It was an interesting exercise to extend the aesthetics of the cover art – a self-contained, static piece – into the inherently fluid and open-ended realm of the web.
Thematically, TOVA is indirectly rooted in the historical context of post-transformational Poland – that is, the experience of living in the young democracy, still carrying the not-so-subtle remnants of the Soviet era.
Combined with the experimental and explorational nature of TOVA's music, it made sense to borrow from the aesthetics of the early Internet, with its "homemade" and somewhat raw feel. The website is therefore intentionally rugged and slightly unpolished, as if it was designed by the fragmented collage of xeroxed portraits from the cover art.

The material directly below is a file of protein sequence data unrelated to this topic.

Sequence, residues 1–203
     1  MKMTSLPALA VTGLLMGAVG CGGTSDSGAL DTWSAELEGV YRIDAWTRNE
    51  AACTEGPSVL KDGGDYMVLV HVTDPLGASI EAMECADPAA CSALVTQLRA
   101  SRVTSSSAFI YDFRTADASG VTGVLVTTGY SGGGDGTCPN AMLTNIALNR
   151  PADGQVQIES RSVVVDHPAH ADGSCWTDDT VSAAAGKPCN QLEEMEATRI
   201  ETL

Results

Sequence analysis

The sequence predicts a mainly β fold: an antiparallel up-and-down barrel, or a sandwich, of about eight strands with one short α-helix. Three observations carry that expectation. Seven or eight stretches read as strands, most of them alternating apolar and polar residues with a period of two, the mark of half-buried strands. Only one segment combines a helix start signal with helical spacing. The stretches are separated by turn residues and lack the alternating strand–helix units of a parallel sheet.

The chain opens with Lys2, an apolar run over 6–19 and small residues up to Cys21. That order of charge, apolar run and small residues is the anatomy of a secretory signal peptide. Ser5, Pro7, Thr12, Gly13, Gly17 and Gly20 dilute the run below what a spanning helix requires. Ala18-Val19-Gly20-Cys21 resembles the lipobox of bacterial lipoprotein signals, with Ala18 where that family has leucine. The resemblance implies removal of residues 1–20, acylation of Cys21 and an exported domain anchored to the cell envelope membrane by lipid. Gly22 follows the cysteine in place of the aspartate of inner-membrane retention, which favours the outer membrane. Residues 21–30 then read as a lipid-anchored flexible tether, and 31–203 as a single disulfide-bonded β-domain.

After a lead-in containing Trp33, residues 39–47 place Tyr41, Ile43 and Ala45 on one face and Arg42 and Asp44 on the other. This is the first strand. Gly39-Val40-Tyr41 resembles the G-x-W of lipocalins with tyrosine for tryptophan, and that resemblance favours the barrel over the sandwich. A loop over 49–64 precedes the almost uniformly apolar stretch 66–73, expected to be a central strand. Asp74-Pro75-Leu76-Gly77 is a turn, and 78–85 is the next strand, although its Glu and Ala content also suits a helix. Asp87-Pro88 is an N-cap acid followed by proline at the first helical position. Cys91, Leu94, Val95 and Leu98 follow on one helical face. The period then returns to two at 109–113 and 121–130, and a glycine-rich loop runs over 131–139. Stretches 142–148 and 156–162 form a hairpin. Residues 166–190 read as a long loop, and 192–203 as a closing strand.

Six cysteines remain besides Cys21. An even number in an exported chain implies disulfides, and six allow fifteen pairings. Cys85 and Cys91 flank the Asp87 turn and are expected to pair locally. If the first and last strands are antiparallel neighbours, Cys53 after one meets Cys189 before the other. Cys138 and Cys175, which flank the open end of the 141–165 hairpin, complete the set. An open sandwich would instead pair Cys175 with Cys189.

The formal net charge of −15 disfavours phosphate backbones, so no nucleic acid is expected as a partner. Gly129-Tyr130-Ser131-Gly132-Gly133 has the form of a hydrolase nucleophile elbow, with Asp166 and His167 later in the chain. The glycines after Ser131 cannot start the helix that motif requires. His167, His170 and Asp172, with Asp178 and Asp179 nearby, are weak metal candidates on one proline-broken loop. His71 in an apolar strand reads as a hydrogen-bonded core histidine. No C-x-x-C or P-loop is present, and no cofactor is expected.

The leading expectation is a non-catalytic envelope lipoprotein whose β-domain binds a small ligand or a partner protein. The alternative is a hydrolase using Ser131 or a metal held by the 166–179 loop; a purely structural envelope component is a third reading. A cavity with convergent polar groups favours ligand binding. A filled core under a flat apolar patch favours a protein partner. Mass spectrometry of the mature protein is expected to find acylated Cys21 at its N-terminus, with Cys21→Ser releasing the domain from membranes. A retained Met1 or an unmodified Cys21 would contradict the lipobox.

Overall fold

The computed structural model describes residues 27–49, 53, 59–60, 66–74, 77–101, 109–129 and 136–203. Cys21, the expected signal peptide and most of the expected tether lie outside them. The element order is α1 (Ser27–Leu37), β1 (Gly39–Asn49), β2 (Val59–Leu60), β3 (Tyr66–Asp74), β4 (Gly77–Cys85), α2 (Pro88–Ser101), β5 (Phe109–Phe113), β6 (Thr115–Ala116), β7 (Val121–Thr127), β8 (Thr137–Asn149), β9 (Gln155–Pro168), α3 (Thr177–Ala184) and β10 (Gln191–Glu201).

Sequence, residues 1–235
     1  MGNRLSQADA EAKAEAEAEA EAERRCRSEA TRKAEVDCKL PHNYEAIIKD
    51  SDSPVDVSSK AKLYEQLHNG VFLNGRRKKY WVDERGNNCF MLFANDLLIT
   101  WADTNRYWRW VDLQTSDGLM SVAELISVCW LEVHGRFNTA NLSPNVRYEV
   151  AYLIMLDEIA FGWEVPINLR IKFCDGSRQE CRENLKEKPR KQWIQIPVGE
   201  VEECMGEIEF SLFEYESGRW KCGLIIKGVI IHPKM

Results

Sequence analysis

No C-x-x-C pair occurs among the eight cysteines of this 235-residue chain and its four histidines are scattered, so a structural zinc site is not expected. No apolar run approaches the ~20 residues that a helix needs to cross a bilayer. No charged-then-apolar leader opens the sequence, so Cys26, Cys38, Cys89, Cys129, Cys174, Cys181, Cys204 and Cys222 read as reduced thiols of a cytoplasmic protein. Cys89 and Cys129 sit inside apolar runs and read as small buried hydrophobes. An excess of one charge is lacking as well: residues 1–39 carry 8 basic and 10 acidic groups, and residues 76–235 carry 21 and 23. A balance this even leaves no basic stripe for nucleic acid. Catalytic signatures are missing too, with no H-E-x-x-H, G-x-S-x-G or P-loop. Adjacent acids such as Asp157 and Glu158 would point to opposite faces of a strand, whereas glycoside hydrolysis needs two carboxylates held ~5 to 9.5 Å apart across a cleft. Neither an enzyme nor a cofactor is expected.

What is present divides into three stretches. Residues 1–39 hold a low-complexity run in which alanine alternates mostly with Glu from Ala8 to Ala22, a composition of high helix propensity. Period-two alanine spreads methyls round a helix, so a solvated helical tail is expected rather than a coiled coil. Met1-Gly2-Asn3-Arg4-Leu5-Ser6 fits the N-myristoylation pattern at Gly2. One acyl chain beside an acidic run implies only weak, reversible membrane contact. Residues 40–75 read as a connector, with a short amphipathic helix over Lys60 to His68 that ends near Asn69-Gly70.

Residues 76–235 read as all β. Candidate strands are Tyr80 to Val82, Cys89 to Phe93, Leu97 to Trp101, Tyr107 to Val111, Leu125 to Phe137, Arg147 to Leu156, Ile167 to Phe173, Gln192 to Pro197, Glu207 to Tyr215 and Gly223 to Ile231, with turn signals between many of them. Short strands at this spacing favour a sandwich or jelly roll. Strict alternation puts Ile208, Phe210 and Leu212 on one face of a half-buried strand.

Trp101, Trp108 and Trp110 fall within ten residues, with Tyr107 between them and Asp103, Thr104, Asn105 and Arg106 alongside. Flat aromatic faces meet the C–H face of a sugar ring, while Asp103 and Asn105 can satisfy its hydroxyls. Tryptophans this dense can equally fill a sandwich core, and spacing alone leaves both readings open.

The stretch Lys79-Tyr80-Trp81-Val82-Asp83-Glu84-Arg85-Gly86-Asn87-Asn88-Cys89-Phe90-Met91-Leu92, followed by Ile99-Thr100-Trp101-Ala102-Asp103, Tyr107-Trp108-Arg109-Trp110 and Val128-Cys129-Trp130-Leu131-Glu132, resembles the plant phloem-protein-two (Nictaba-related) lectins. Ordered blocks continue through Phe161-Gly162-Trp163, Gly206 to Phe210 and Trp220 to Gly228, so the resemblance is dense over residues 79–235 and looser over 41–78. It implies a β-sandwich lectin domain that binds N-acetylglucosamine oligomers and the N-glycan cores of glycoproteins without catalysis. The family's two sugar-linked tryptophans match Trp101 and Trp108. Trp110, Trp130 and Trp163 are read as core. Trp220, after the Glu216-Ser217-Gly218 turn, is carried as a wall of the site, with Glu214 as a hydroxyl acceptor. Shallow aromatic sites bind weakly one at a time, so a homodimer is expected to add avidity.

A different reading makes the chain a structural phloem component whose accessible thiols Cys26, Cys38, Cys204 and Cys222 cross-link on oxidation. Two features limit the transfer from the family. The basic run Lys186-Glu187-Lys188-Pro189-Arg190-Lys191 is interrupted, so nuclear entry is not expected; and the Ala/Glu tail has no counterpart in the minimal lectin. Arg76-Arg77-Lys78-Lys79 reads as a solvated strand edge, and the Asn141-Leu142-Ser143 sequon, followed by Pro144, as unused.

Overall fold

For the typeface, I chose Redaction 20 by Forest Young and Jeremy Mickel. Designed as part of an exhibition on unconstituional cash bail system in the US, it seems like an odd choice. However, it immediately resonated with me for two reasons: first, the typeface's letterforms are based on 2 fonts most often found on US legal documents: Times New Roman and Century Schoolbook, both also strongly reminiscent of the '90s and the aesthetics of early mainstream computing. Furthermore, TOVA talks about personal identity, especially that which is under different forms of oppression; Redaction's thematic origins of social justice and abuse are therefore not very far away from the stories told by TOVA's music.